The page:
Canada reached a very important milestone earlier in 2015 when the number of Canadians aged 65 and over surpassed the number of Canadians 14 and younger for the first time.
The fact is Canada’s aging population presents a unique set of challenges that the government and individuals need to take into account.
Many experts believe that Canada is lagging behind other industrialized countries in addressing the particular needs of an aging population. “We haven’t necessarily had the national debates we should be having around aging,” Amanda Grenier, director of McMaster University’s Gilbrea Centre for Studies in Aging, told the National Post in September 2015.
In addition to managing an aging population and the unique challenges this presents, Canadians are also living longer. Last year, a World Health Organization study found that the Canadian life expectancy had increased thanks in part to a decrease in smokers and a reduction in liver and heart disease diagnoses.
However, the fact that Canadians are living longer and healthier lives makes successfully saving for retirement all the more important.
I’m often asked by potential clients of Canaccord Genuity Wealth Management, “Nick, what are other financial tools that can be used to save for retirement?” Aside from the traditional Registered Retirement Saving Plans (RRSPs), and Defined Contribution Pension Plans, Self-Directed Registered Retirement Savings Plans, or SDRRSPs, are a viable option for investors who are looking to have more control over where and how they invest.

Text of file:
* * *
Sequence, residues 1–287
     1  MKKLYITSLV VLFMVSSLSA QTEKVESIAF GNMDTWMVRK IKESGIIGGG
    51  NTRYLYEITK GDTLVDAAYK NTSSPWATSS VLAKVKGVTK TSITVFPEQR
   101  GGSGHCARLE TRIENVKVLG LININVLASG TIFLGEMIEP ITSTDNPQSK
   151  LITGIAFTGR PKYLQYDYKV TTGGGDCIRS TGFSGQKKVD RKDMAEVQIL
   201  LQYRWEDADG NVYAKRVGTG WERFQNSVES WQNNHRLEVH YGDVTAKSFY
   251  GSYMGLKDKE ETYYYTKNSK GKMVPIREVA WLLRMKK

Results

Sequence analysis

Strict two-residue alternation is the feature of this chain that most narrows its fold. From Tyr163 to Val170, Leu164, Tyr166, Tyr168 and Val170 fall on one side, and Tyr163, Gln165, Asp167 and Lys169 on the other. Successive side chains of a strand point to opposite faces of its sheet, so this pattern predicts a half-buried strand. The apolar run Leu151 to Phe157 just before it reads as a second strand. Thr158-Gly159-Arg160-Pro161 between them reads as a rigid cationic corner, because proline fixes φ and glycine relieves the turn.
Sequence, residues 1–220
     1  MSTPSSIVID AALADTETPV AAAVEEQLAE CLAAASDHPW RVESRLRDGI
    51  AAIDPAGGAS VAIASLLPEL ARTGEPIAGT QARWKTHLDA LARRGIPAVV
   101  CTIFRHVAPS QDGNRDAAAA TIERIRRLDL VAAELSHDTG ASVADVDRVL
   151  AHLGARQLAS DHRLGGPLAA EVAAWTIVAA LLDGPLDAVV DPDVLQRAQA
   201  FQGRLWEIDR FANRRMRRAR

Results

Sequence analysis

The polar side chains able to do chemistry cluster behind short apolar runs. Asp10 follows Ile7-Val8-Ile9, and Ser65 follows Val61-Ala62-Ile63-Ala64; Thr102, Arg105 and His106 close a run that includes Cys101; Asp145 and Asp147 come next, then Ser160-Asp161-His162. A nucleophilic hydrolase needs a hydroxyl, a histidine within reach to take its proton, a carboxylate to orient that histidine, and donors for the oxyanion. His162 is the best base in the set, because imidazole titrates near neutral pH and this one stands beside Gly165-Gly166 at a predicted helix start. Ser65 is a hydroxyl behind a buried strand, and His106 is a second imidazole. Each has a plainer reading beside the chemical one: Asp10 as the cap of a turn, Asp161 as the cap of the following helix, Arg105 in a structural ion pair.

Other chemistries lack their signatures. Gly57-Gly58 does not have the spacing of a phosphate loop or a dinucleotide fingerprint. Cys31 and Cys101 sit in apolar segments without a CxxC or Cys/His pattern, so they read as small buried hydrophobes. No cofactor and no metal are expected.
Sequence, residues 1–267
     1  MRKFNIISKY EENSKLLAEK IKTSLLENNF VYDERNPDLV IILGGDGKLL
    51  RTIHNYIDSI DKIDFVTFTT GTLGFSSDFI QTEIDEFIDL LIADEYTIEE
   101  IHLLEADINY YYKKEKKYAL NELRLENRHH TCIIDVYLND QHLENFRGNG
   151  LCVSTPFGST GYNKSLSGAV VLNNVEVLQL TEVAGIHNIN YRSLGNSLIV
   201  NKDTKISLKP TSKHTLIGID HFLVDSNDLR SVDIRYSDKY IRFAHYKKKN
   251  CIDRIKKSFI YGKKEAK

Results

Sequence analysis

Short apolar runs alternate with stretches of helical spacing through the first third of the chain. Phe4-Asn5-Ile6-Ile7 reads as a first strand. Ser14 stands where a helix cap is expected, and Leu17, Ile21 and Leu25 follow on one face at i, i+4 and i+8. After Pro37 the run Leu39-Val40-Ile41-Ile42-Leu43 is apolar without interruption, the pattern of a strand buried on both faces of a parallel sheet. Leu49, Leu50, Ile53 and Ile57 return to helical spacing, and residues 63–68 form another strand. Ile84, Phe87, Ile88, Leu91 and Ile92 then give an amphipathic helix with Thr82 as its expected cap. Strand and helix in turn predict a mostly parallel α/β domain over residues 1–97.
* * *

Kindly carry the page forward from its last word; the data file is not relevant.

A Self-Directed Registered Retirement Savings Plan is similar to a regular RRSP account. However, a SDRRSP allows an investor to hold many different types of investments within a single account, which, in turn, provides investors more investment freedom and control.
While SDRRSPs require a more hands-on approach than other investment tools, there are many benefits in consolidating assets into one SDRRSP account. Most regular RRSPs now charge fees for withdrawals and transfers. By consolidating all your RRSPs into a single plan, you may be able to reduce your annual administrative costs.
Despite requiring a more engaged approach, consolidating assets helps reduce and simplify record keeping. It also makes it easier to view your portfolio in its entirety. Unlike many regular RRSP accounts that only offer mutual funds or GICs, SDRRSPs offer diversity and variety. Investors can choose from conventional investments like GICs, bonds, mutual funds, exchange traded funds (ETFs) and stocks, as well as mortgages, small business corporations, and other non-conventional investments.
After I share this condensed information with clients, prospects and friends, most then ask, “But how do I choose what to invest in, Nick?” The name ‘Self-Directed Registered Retirement Savings Plan’ can be a little misleading. The account owner of a SDRRSP account can of course manage the account on his or her own. However, this in no way discounts the use of investment managers and financial specialists, who can help manage and oversee SDRRSP accounts, as well as offer guidance.
SDRRSPs may not be for everybody. With that said, they are another tool for investors to use when planning for retirement. That is especially important in today’s world where retirement funds are forecasted to be needed for a longer period than ever before.
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